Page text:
“I… Nothing, it’s nothing. I just remembered the receptionist isn’t here today and the phone is probably ringing like mad. Please, take your time. Let me know if you need anything. I’ll be in the office.”
It was the wall. It had to be. He had said something about the honeysuckle going gangbuster. No, that wasn’t it. Something about the fertile soil? It was an innocuous remark. It had spooked her somehow. He made one last attempt.

“Ms. Dillon? Do you have a business card? I can’t stay much longer but I’ll call once we’re close to a decision.”

The card said Dillon Kennelsin a plain bold font; the silhouette of a German shepherd adorned the right top corner. There was no smiling husky.
#
After his visit to the kennels, Colin had driven down unknown country roads and got lost. He tried to gather his thoughts and couldn’t make sense of what he had seen. Going to the office was out of the question. He couldn’t focus. He decided to go home. Lisa didn’t expect him for at least another hour and he wondered what she was doing when he wasn’t around. He liked the idea of surprising her. He felt weirdly excited. It was somewhat perverse, like spying on her.

He walked in through the garage. Lisa’s car was parked in its usual spot. She had to be home but the house was eerily silent. The kitchen was clean, no dishes on the counter or in the sink. The sitting room and the dining room were cold and dark.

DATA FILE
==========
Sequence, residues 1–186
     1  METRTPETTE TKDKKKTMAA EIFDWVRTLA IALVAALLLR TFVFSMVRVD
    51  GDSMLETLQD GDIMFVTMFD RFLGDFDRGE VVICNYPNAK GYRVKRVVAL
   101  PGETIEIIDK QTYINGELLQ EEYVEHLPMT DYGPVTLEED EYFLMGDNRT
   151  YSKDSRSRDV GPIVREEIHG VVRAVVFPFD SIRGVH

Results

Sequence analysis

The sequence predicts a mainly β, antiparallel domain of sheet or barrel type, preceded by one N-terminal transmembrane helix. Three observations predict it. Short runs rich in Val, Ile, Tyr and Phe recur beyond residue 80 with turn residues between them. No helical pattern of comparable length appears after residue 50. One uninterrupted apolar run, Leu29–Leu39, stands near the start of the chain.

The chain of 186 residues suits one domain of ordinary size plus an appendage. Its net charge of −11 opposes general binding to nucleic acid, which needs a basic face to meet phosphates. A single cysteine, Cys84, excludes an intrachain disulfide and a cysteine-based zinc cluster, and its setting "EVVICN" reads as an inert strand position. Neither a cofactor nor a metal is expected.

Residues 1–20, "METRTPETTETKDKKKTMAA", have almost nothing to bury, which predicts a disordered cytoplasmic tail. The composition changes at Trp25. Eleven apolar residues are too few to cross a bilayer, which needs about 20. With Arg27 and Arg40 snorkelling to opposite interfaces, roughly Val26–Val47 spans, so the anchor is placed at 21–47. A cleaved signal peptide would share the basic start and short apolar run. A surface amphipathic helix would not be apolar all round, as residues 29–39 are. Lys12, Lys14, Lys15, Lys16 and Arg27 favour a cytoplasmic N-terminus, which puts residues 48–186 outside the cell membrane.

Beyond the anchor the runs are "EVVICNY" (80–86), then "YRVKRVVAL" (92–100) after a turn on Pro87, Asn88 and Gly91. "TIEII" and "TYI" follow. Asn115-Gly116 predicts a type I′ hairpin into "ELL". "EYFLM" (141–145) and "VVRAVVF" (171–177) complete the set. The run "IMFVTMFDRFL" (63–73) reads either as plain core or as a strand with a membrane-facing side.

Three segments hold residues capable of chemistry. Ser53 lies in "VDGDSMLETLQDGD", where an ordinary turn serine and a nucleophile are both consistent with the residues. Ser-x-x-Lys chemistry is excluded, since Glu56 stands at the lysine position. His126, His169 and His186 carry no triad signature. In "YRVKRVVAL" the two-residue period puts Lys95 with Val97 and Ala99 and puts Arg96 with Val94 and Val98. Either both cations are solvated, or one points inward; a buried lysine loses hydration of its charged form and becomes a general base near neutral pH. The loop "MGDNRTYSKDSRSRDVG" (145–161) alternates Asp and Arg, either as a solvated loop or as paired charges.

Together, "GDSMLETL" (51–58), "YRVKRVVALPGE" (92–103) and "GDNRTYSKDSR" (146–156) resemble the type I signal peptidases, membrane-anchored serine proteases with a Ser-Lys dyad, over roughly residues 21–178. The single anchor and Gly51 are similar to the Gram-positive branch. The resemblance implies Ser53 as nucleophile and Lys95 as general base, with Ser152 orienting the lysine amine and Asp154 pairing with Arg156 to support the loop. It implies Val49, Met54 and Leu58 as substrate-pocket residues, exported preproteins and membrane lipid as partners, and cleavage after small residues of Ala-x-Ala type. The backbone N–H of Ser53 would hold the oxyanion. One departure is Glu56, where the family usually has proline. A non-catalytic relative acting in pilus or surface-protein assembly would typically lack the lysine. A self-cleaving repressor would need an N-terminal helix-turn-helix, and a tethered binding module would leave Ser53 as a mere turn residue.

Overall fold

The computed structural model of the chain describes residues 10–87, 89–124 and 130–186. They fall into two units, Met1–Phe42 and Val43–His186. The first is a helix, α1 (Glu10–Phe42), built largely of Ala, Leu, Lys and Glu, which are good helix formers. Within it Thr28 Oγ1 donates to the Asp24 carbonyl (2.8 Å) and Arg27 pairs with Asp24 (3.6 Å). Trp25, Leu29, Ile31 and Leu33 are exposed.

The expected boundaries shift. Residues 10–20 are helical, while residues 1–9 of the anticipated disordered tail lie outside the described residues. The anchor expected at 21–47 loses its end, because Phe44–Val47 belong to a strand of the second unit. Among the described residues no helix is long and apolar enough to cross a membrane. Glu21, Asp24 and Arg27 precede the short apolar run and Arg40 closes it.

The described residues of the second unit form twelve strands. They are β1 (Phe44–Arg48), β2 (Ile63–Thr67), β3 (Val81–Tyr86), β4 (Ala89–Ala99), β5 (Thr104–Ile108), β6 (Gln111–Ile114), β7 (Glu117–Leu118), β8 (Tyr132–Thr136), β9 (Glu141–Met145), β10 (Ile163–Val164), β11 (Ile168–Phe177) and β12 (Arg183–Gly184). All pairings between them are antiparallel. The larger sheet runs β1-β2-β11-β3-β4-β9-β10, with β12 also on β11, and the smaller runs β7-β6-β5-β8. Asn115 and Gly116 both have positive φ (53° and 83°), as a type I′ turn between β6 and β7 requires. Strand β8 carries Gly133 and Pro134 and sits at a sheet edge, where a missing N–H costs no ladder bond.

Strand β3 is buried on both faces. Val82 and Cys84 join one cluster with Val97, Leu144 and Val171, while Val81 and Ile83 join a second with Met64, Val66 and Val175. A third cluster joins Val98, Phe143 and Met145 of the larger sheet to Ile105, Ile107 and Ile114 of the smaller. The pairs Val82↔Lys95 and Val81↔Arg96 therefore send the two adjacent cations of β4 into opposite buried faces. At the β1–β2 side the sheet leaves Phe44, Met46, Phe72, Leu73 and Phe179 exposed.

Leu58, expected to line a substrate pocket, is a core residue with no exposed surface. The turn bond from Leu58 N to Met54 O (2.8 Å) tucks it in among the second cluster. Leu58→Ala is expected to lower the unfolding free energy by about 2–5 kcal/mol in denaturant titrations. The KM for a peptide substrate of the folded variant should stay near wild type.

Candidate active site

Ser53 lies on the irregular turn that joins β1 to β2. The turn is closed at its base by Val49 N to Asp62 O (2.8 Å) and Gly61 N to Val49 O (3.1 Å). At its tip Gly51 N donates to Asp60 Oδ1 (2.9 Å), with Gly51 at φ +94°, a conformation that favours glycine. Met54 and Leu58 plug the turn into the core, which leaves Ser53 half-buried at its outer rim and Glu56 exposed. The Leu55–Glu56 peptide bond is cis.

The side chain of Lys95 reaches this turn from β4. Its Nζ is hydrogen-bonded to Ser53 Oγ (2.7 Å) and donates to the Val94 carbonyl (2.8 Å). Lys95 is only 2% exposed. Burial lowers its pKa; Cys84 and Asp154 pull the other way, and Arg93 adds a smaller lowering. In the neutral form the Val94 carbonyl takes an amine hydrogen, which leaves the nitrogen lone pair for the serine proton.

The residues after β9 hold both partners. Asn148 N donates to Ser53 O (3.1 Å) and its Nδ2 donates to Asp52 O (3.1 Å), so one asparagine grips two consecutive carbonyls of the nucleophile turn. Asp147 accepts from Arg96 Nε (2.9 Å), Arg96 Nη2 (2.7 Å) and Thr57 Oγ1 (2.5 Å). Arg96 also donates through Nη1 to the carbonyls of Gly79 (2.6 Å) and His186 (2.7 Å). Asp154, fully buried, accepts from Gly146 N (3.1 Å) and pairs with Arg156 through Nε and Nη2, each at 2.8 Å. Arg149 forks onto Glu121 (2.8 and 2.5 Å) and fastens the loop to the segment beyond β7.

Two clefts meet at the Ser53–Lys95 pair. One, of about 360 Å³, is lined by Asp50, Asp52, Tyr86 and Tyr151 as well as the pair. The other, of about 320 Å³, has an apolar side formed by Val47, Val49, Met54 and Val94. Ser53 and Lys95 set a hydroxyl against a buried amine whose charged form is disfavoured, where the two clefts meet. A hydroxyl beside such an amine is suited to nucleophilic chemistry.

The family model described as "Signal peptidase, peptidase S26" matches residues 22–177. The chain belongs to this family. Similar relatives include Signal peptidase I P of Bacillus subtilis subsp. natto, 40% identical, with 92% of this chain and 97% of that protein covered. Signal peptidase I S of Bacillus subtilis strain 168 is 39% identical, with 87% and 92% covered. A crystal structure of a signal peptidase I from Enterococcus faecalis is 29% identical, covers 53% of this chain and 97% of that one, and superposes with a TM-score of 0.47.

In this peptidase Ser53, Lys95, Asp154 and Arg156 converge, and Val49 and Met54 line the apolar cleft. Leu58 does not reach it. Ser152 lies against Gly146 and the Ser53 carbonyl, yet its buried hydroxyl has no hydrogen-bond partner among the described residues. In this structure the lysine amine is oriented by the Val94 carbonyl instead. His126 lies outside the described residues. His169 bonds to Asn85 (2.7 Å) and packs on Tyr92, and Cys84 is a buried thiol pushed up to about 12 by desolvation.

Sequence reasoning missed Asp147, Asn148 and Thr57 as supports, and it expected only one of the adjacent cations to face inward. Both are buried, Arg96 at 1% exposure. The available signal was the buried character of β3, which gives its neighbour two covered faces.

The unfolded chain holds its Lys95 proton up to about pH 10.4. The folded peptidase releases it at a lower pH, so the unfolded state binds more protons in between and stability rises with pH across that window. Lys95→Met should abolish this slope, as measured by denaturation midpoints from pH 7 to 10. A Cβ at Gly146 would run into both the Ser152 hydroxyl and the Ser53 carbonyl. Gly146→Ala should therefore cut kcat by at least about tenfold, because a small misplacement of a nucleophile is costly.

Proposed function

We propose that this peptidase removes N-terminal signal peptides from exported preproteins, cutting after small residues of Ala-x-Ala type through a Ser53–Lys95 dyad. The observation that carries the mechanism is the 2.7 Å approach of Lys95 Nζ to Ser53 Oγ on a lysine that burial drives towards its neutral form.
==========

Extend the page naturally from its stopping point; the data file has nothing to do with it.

Colin stood at the foot of the stairs, listening. “Lisa?”

The silence was unnerving. She could have gone out on foot. It was a beautiful day, a perfect day for a walk, but she was home, wasn’t she? Of course, she was. Colin went up the stairs.

The door of the nursery was closed. Colin raised a hand to knock, hesitated, and opened the door. It was his home after all, why should he knock? The stench attacked him like a rabid animal. It froze him on the threshold. The curtains were closed and the room was dim. He hit the light switch. The last time he had been in there was when they brought the dog home. He didn’t recognize anything. There was a crib, a playpen, shelves with colorful books, toys on the floor. The wallpaper was gone, replaced by a fresh coat of pale blue paint. Blue is for boys, Colin thought, and his heart missed a beat. Lisa was a pale figure sitting in a big armchair by the window; heavy blue velvet curtains framed her like a precious doll in a collector’s display cabinet.

She looked at him. Her eyes were cold, iced over. “You’re back early,” she said.

Colin forced himself to move and took a step inside. “What is this, what have you done? This room… What does it mean? Where’s the dog?” Questions rushed in his head.

Lisa came toward him, pushed him out, closed the door behind her, and locked it.